• 2002 2020
  • Hispanics 12.6 18.0
  • Asians 3.9 5.0
  • Whites 71.0 64.0
  • Blacks 12.0 13.0
  • U.S. population stands at 281 million and by 2020
    will grow to about 331-361 million (50-80
    million).

18
Influence of consumer driven agriculture
19
Consumer Driven Agriculture
  • Demand for farm products will increase as
    population increases
  • Demographic shiftsshifts in food tastes and
    preferences
  • Increasing per capita income will reward quality

20
Consumer Driven Agriculture
  • Aging baby boomers, those born between 1946-64
    will approach 54 million by 2020
  • Market growth and potential for older population,
    less active, higher standard of living
  • More expensive cuts of meat, exotic vegetables,
    luxury food items, ready to eat, higher priced
    restaurants, etc.

21
Consumer Driven Agriculture
  • Per capita income growth is projected to be about
    1 annually between 2000-2020, compared with 1.2
    that occurred between 1988-98
  • Key question is how much of this higher
    disposable income will be spent on food and what
    types of food will be demanded

22
Consumer Driven Agriculture
  • Projections are
  • More fruit, vegetables, fish, poultry, cheese,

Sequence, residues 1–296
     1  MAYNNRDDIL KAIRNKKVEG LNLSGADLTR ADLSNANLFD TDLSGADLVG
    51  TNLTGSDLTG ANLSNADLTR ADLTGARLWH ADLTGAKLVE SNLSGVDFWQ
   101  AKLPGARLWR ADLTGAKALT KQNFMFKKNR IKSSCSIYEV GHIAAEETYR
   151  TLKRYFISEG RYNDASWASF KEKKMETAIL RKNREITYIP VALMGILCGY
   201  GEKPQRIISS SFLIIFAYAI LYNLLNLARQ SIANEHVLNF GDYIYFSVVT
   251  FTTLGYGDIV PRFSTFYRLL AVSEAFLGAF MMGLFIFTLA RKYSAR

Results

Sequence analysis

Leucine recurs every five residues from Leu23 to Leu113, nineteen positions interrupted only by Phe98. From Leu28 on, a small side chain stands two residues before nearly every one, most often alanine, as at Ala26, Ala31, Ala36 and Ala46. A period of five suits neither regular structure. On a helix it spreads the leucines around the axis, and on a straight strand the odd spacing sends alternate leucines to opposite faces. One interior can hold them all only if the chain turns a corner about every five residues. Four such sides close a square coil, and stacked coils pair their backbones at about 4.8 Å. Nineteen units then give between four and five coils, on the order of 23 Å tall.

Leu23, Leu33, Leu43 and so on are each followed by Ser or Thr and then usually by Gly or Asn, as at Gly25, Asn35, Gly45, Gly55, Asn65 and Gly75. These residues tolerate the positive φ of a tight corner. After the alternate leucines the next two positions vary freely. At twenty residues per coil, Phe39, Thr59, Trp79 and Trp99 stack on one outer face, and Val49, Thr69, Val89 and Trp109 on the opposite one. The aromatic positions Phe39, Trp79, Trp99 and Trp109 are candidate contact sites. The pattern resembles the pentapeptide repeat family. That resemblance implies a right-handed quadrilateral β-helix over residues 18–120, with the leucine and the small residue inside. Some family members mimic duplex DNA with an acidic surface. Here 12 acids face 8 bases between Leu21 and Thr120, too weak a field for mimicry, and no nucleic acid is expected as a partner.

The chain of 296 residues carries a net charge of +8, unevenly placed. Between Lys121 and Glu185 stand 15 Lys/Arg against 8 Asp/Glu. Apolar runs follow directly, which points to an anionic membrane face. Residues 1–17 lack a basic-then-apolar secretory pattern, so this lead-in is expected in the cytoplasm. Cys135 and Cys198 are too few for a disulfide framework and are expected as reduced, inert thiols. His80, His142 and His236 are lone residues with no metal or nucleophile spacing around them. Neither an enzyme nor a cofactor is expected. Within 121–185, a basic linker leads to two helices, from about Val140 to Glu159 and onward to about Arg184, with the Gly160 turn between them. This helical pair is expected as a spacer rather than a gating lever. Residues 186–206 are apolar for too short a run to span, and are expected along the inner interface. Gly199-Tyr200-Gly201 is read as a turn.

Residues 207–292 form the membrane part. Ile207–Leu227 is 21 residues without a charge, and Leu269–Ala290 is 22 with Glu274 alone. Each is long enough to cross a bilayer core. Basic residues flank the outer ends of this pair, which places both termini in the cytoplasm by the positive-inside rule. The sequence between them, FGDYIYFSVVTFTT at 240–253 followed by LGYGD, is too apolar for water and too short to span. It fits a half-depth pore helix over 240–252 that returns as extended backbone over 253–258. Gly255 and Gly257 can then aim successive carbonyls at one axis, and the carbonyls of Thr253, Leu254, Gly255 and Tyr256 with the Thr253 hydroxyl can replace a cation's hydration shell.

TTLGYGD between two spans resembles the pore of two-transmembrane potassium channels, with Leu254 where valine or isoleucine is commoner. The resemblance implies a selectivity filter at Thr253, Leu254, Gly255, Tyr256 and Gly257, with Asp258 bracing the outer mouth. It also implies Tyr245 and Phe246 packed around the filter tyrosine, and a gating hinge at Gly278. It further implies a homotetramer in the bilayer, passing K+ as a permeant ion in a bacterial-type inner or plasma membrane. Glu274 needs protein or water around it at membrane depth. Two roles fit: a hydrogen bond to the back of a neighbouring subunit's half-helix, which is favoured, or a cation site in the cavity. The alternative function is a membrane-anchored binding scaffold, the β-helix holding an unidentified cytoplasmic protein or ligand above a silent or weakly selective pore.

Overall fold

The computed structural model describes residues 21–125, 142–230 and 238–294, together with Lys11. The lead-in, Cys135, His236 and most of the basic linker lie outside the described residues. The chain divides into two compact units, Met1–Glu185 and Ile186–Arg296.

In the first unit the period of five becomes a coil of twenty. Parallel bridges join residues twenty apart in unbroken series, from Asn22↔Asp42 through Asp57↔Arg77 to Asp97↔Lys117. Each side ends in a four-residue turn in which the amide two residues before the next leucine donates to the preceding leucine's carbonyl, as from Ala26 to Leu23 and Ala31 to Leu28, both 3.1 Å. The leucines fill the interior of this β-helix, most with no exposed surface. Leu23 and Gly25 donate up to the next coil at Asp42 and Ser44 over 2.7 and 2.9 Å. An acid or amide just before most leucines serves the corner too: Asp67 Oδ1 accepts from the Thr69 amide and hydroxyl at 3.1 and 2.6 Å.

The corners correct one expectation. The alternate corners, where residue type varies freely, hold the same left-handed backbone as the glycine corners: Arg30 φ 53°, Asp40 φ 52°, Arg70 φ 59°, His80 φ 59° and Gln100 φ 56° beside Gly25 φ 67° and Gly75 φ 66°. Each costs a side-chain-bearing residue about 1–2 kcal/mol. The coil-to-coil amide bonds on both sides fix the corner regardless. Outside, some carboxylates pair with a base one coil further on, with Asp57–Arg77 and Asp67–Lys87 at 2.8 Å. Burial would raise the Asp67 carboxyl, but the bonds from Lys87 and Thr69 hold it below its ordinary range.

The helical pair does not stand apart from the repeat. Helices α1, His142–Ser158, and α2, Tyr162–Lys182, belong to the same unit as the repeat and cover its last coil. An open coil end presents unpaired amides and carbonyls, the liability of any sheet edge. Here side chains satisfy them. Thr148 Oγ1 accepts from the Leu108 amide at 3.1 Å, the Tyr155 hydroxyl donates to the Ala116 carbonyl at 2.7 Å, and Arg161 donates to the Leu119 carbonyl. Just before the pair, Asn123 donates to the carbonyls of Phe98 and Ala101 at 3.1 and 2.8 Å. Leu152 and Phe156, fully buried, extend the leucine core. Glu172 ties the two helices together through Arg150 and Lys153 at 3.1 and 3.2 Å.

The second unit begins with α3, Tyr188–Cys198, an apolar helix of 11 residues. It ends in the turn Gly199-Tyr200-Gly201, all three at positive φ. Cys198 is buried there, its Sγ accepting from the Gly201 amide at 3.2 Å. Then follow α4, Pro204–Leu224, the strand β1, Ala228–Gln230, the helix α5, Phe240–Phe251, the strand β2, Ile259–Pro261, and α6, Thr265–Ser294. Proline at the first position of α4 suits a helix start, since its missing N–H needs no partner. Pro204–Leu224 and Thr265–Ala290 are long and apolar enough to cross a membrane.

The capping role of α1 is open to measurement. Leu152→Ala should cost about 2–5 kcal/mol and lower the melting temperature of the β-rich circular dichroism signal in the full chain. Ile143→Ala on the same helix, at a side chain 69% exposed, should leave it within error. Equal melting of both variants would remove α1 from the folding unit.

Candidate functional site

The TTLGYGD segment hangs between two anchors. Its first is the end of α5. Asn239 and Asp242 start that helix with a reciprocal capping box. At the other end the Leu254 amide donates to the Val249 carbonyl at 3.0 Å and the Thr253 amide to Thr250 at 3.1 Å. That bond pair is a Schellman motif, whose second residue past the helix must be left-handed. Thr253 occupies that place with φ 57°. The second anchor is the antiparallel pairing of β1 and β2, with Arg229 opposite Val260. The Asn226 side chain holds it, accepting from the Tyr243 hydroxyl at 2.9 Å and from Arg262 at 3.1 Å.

yogurt and prepared foods
  • More eating outDash board dining
  • More attention to diets, health and wellness

23
Why young people choose farming?
  • What values shape this career decision?
  • Freedom and independence
  • Be own boss
  • Familygood place to raise children
  • Being able to work outdoors
  • Living in the country
  • Family tradition
  • Enjoy working with nature

24
The social values vs. economic reality
  • Decision to farm must reflect both the social
    values of wanting to farm with the economic
    realities of the marketplace.
  • Good place to live, if you dont have to make
    your living from it.

25
What is farming?
  • Farming is not about driving a tractor
  • Farming is increasingly about
  • Reading the market
  • Financial management
  • Marketing
  • Producing for a market segment
  • Negotiation of contracts

26
What do farmers enjoy?
  • Crop and field work
  • Working with livestock
  • Purchasing equipment
  • Marketing
  • Exploring new idea
  • Record keeping/paperwork

27
Farm Activity Preferences
28
Desires about Succession (1996 Farm Poll,
n1,982)
  • 75… would like farm to remain in family when
    they retire
  • 68… if they had it to do over, they would still
    choose farming
  • 63… would continue if suddenly became rich
  • 55… would like to children to take over farm
    when they retire (21 were undecided and 24
    replied no)
  • 30… would recommend farming to a friend (24
    were not sure, 46 said no)

29
What will happen to your farm when you retire?
30
2004 Iowa Farm and Rural Life Poll (n1,514)
  • 57 would not encourage young people to enter
    farming